Great Accomplishments in Linguistics

All languages change over time. There can be many different reasons for this. The English language is no different to any other. Why has it changed over the decades? Usually because of people! In fact, some might argue that one of the biggest accomplishments of mankind is developing language!

Some of the main influences on the evolution of languages include the following:

  • The movement of people across countries and continents. For example, migration and, in previous centuries, colonization. An example of this is how English speakers today would probably be comfortable using the Spanish word “loco” to describe someone who is “crazy”.
  • Speakers of one language coming into contact with those who speak a different one: no two individuals speak identically; people from different geographical places clearly speak differently and even within the same community there are variations according to a speaker’s age, gender, ethnicity and social and educational background. The word “courting”, for example, has become “dating”.
  • The new vocabulary required for inventions like transport, domestic appliances and industrial equipment, or for sporting, entertainment, cultural and leisure reasons. For example, the original late 19th-century term “wireless” has become “radio”.

Due to these influences, a language always embraces new words, expressions and pronunciations as people come across new words and phrases in their day-to-day lives and integrate them into their own speech. 

What changes has the English language seen?

As the English language has changed, it’s been easy to pick out words that fall into common usage.

The increase in popularity of internet slang has seen phrases such as “LOL” (Laugh Out Loud), “YOLO” (You Only Live Once) and “bae” (an abbreviated form of babe or baby) become firmly embedded in the English language over the past ten years.

Every decade sees new slang terms like these appearing in the English language in every region where it’s spoken.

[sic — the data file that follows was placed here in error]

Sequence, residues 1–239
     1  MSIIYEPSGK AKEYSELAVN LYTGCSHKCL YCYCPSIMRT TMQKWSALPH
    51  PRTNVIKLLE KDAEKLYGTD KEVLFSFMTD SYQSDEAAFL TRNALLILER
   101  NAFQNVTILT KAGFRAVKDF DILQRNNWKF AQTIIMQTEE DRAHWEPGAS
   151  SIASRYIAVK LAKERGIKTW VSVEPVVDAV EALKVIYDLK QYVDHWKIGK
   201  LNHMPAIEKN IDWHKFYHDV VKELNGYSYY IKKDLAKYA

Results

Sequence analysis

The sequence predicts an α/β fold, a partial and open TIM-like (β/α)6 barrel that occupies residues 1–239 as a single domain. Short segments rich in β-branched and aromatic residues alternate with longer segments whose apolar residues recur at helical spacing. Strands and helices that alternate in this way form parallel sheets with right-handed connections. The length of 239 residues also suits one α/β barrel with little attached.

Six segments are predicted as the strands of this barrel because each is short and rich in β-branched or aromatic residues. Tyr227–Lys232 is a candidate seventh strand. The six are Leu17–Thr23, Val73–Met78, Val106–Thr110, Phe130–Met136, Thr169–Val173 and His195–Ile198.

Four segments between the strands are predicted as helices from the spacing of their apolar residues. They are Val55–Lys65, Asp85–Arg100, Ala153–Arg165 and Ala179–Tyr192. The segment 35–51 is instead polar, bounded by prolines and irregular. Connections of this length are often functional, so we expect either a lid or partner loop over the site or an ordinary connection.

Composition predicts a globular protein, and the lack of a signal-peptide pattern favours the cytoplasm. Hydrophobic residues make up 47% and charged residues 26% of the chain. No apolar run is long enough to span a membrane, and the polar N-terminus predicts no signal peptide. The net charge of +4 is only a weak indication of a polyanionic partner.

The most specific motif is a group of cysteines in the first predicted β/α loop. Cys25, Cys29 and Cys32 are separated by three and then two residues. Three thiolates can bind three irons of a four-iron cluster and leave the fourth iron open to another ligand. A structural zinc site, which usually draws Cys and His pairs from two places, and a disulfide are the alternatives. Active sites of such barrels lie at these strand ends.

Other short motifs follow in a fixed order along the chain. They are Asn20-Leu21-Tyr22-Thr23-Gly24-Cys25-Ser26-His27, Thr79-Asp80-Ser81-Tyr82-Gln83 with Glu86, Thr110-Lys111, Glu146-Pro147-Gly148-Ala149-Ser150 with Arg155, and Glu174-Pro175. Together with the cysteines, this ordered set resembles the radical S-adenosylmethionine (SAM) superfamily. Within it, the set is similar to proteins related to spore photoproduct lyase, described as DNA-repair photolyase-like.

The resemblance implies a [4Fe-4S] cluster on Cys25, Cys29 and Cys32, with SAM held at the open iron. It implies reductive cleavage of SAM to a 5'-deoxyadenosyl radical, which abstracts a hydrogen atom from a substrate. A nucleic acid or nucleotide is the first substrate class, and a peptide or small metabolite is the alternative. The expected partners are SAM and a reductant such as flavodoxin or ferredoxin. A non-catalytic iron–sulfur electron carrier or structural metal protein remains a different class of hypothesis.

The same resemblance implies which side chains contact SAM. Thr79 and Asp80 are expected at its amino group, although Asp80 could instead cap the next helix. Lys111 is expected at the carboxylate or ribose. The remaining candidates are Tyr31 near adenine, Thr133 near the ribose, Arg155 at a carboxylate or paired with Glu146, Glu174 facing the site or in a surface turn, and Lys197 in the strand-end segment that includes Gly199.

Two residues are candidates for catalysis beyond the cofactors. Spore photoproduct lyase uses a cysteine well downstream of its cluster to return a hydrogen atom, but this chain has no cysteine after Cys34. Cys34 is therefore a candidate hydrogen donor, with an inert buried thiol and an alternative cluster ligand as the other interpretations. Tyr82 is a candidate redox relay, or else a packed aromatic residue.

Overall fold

And while some words or abbreviations come from internet or text conversations, others may appear as entirely new words, a new meaning for an existing word, or a word that becomes more generalized than its former meaning, brought about by any one of the reasons above.

Decades ago, “blimey” was a new expression of surprise, but more recently “woah” has replaced it.

Sentence structure is another change to English language. Just a few decades ago, it would have been normal to ask “Have you a moment?” Now, you would probably say “Do you have a sec?” Similarly, “How do you do?” has now become “How’s it going?” Not only have the sentences been abbreviated so they’re shorter, new words have been introduced to everyday questions.

Connected to this is the replacement of certain words with other, more-modern versions of them. It’s pretty noticeable that words like “shall” and “ought” are on the way out. “Will”, “should” and “can” are doing just fine, however.

Other changes can be more subtle: a number of verbs can take a complement with another verb in either the “-ing” form or the “to” form, for example “they liked painting/to paint”, “we tried leaving/to leave”, “he didn’t bother calling/to call”. Both of these constructions are still used. They have been used for a long time, but there has been a steady shift over the years from the “to” to the “-ing” complement.

There are many other changes to the English language. Have you noticed? Have these changes affected your teaching or learning methods?

Most contemporary linguistic commentators accept that change in language, like change in society, is perfectly inevitable. Some think that is regrettable. And others recognize it as a reinvigoration of a language, bringing alternatives that allow subtle differences of expression.

In a recent report, the linguist, writer and lecturer David Crystal considered whether “text speak” is undermining the English language. His response to the naysayers who claim it is damaging the English language is to point out that abbreviations have been around for a very long time.

While some, such as the ones we discussed above, are new, others, like the use of “u” for “you” and the number 8 as a syllable in “later”, have been around for a century or more.

Further to this, research shows that there is in fact a correlation between the ability to use abbreviations and the ability to spell all words—in order to abbreviate, you have to know which letters to abbreviate, of course.

What do you think about the way English is changing? Will you study that during your linguistics program? Let us know!

Patricia Kuhl: The linguistic genius of babies. In TEDxRainier Patricia Kuhl shares surprising findings about how babies learn one language over others: listening to humans around them and "taking statistics" of the sounds they need to know.

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